Tech or human touch: what do customers really want?

Tech or human touch: what do customers really want?

It seems technology is has taken seed at home, work and in organisations. But what happens when our love of tech contrasts with our need for the human touch? And what do customers really want from Post Office?

Our workplaces are getting steadily smarter

  • Alexa for Business, workplace apps and drones will change our workspaces
  • Our customers want technology that helps them get things done
  • Consumers are still shopping in-store
  • Customers still need the human touch they get in our 11,500 branches
  • We’re growing our branch network and digitising the business to give them the best of both worlds

Drones are already used in construction and farming. Robotic arms handle repetitive jobs at printing companies. In 2017, Amazon announced Alexa for Business, “your intelligent assistant for work”. The Telegraph cited the app-centric workplace as an imminent development that will handle booking meeting rooms and checking messages. And we’ve has have self-service kiosks in some Post Office branches for years.

There are plenty of pros to growing technology

Wireless technology means we’re no longer chained to our desks. We can conduct research and check facts with a couple of clicks. Be more productive generally. It’s given consumers more choice and made our lives endlessly easier.

 But it’s not all rosy in the world of tech

Trust, security and reliability are the big issues.

Only 27% of people think Facebook would protect their privacy.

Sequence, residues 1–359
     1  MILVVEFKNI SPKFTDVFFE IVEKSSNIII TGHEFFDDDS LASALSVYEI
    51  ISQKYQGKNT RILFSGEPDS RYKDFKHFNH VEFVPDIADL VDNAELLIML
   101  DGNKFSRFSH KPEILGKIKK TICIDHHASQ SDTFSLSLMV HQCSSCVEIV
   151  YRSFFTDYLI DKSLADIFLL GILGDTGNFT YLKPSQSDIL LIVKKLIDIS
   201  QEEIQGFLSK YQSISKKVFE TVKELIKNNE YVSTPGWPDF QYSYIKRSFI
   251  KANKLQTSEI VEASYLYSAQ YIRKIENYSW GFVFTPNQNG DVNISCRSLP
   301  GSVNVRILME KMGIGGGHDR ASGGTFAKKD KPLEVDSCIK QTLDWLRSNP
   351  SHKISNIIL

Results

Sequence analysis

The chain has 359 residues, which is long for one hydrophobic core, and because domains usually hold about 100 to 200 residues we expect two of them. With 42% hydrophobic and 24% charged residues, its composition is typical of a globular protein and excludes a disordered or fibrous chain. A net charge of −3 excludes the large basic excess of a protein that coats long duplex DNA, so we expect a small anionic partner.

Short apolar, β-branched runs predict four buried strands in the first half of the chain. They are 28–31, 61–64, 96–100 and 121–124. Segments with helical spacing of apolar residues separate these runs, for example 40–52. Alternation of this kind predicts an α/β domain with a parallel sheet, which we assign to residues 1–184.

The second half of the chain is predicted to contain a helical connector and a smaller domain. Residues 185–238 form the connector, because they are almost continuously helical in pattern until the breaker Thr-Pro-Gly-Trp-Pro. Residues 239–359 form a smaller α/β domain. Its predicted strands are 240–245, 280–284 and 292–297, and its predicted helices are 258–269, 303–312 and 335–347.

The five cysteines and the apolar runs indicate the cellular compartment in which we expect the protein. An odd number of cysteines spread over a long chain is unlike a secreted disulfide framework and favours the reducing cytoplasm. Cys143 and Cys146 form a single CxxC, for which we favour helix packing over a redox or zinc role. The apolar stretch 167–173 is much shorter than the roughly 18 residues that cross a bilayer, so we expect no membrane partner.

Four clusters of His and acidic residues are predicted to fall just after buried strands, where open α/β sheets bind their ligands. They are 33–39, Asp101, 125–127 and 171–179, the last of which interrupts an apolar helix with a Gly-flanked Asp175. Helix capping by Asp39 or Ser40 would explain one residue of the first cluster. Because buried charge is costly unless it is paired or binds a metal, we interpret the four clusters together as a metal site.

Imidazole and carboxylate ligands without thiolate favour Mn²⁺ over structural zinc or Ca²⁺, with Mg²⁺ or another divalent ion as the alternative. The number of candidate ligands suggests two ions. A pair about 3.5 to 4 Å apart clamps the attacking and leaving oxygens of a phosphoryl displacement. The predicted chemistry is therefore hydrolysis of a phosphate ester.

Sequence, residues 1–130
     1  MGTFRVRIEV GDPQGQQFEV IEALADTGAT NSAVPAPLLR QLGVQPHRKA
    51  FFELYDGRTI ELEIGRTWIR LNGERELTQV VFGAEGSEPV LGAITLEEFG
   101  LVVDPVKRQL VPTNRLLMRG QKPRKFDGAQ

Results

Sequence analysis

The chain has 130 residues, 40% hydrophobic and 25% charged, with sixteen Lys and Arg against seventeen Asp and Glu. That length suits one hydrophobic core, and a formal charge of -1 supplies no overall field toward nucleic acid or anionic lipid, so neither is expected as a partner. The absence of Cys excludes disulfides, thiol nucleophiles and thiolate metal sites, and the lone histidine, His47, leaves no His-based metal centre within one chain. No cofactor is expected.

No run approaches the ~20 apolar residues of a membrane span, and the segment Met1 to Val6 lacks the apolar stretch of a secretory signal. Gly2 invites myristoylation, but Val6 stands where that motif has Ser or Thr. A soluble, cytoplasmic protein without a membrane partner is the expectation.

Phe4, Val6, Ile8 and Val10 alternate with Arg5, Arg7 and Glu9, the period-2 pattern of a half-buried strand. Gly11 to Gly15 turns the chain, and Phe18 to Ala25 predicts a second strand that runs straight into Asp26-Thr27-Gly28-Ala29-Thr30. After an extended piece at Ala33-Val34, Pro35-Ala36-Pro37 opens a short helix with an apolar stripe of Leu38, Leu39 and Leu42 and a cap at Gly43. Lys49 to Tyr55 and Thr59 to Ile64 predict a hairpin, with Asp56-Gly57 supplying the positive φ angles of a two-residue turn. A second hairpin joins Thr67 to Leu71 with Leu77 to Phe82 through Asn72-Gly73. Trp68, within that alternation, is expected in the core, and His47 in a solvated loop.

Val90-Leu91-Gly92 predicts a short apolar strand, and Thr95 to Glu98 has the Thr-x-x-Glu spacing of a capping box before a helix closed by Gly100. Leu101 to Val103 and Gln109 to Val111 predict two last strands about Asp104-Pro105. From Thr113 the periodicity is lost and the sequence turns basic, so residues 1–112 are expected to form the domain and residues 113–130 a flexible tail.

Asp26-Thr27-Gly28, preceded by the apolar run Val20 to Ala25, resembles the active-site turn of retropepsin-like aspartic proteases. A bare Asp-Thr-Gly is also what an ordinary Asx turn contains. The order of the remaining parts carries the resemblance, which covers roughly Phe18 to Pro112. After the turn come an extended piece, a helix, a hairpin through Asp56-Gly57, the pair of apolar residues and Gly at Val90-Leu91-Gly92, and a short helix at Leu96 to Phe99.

Compared to 79% in 2017**.

And it’s definitely not infallible. How many times has your smart TV frozen? Our web-connected TVs and gadgets are only as good as broadband speeds permit. They’re getting better but lightning-speed coverage won’t happen overnight.

UK customers want to “see, touch and feel”

James Scutt, our head of customer experience sums it up perfectly.

“Despite the early and steady progress of digital natives and dramatic declarations that they would kick bricks-and-mortar to its deathbed, consumers are still shopping in-store. And the reasons are uniquely real-world. Physical proximity tops the list, while past experience and quality of products are other key components that keep bricks-and-mortar shoppers coming back for more.” –

We value the human touch

Technology is great at performing given tasks. But it can’t interpret the needs of an individual and cater to them. That’s where the postmasters in our 11,500 branches come in. Customers still want to talk to a person – particularly when it comes tohigh value transactions like banking, sending a parcel to a oved one or paying a bill. .

But there’s a space for digital too.

Tech as allowe us to meet the ever-changing needs of our customers. They can use our travel app to top up their Travel Money cards anywhere. Apply for a driving licence online. And check the likelihood of being approved for a loan in-branch without affecting their credit score.

Technology allows us to spend less time on the doing and more time focussing on the important things – like our customers.

Being there where, when and how people want us

People want to access our products and services on desktop and mobile. But they don’t want to have to choose between technology and the human touch. They want balance. In some cases, they really need it. We are a commercial business with a social purpose. Part of that means supporting the vulnerable people in our communities. That can be as simple as giving them a place to access their cash and pay bills.

We’re reinvesting in our branches and communities. That means growing our network of branches. And digitising and modernising the business in tandem. We’re doing both in ways that suit the needs of each local community.


Sources:

*UK Finance UK Cash & Cash Machines 2017 Summary

**http://uk.businessinsider.com/facebook-trust-collapses-after-cambridge-analytica-data-scandal-2018-4 Ponemon Institute